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Thoughts prompted about two questions relating to issues arising in adoption.

14, December 2012

Just checking my Twitter messages I found myself opening links and at a web page of questions and comments about adoption related issues. I found myself responding to two and have copied them here for my future reflection on what this opinionated person thought and wrote today.

The question was,

My birth daughter’s Adoptive-mom (also my aunt) told me I can’t celebrate Mother’s Day?

http://answers.yahoo.com/question/index;_ylt=AkY49JNz7.b3i0JXey_tP9jty6IX;_ylv=3?qid=20121213233550AAknNuP

My Answer:

I think Mother’s Day has different types of meanings and in different places at different times.

Here in England and the UK it is marked on the middle Sunday in Lent, (the six weeks before Easter). I am not completely understanding of its origins but it was to do with people being expected or encouraged to visit their mother church. People who worked in the service of the wealthy in great houses and estates were given that Sunday off to travel back home to visit their mother and it became a custom to gather spring flowers on the journey and present them on arrival.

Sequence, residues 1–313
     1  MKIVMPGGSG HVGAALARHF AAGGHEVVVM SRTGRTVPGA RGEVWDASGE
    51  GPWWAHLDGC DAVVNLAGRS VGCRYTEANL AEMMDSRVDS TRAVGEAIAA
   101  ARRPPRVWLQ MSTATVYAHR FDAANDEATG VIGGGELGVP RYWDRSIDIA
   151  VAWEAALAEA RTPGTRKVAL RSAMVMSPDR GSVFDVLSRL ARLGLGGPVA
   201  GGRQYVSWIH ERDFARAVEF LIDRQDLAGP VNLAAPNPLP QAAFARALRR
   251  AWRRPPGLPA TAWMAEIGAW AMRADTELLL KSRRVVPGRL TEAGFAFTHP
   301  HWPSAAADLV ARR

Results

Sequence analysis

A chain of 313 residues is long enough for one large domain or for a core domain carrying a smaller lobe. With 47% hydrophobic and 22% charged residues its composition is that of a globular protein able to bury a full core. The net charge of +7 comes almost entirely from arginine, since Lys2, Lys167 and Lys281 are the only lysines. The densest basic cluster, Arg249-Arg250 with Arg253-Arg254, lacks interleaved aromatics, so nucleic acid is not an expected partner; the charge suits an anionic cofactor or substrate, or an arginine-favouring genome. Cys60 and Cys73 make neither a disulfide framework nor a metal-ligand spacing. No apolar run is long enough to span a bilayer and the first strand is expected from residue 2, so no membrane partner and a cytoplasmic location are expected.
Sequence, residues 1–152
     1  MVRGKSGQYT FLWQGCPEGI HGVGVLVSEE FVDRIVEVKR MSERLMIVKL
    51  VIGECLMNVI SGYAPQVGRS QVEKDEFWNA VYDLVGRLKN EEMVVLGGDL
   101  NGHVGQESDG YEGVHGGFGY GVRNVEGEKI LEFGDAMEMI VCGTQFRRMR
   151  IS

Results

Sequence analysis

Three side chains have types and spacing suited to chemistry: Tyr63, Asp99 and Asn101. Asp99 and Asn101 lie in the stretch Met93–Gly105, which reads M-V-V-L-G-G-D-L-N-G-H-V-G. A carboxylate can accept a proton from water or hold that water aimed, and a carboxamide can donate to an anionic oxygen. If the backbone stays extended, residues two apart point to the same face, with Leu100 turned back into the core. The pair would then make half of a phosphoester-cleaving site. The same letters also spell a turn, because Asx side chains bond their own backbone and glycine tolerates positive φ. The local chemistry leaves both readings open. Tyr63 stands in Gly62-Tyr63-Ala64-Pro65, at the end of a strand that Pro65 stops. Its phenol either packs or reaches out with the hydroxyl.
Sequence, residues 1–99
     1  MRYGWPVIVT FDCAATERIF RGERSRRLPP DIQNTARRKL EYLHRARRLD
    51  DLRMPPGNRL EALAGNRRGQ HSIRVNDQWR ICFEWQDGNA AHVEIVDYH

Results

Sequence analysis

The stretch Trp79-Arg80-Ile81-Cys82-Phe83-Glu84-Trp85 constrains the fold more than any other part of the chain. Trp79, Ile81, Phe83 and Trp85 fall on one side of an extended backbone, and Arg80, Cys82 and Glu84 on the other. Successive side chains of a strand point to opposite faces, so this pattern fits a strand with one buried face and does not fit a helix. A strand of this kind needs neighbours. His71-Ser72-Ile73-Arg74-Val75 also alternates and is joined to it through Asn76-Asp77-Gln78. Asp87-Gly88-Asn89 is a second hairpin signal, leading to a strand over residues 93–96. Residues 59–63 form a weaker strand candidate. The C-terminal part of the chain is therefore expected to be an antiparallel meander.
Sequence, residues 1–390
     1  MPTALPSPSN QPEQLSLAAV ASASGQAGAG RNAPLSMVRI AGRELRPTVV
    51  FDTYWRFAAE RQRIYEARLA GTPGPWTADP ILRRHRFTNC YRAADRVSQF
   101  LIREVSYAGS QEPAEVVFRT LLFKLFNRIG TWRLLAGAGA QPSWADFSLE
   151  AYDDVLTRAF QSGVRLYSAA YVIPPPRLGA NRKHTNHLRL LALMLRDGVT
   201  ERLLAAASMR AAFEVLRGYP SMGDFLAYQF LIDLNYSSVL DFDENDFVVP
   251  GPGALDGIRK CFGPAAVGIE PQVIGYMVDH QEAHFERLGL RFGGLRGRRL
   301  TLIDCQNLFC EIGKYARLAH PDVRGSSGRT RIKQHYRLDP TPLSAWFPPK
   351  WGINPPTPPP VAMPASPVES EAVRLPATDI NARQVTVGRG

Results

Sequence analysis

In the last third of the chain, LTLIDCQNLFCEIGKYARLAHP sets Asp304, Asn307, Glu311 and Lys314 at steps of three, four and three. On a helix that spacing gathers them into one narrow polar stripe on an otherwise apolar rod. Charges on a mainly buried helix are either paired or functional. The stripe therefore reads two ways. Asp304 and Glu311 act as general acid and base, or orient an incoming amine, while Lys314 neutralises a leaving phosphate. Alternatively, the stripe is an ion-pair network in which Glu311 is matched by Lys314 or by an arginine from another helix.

As a child I attended a Sunday school at a Church of England Church that was not the principal church within the parish and each year we would process from our ‘daughter’ church carrying poses to the ‘mother’ church where a service of Christian worship was held. That was in the nineteen fifties in north east London, England. It was also the custom to buy a token present of affection and make a card to send to my own mother. I just did what was the habit, like everyone else without a lot of thought – my father made a thing about us doing the domestic tasks that day, rather than Mum, and that usually lasted until after breakfast!

As I got older, relationships between my mother and I became strained – I now realise we are (were in her case – she died in 2006 aged 79) both addicts and also dyspraxic (also known as developmental coordination disability [DCD]) and I felt it was hypocritical just to send a card as it was the culture – done thing – and I stopped it – she once told me she respected me for that).  Anyway I realised that Mother’s Day, like so many other holy days and special times has been high-jacked by commercial interests and are really just big spending times with advertisers encouraging us to feel it is our duty to mark such special times with gifts and extra spending. I particularly find Christmas difficult, because I am aware some of us have much, yet others have nothing and go into great debt – to fulfil the expectations of society and advertisers.

At some point I became a Quaker and learned that down the years they have refused to treat any one day as more special, sacred or holy than any other day. That exactly matched my feelings, although the conventions are so strong it can still be difficult.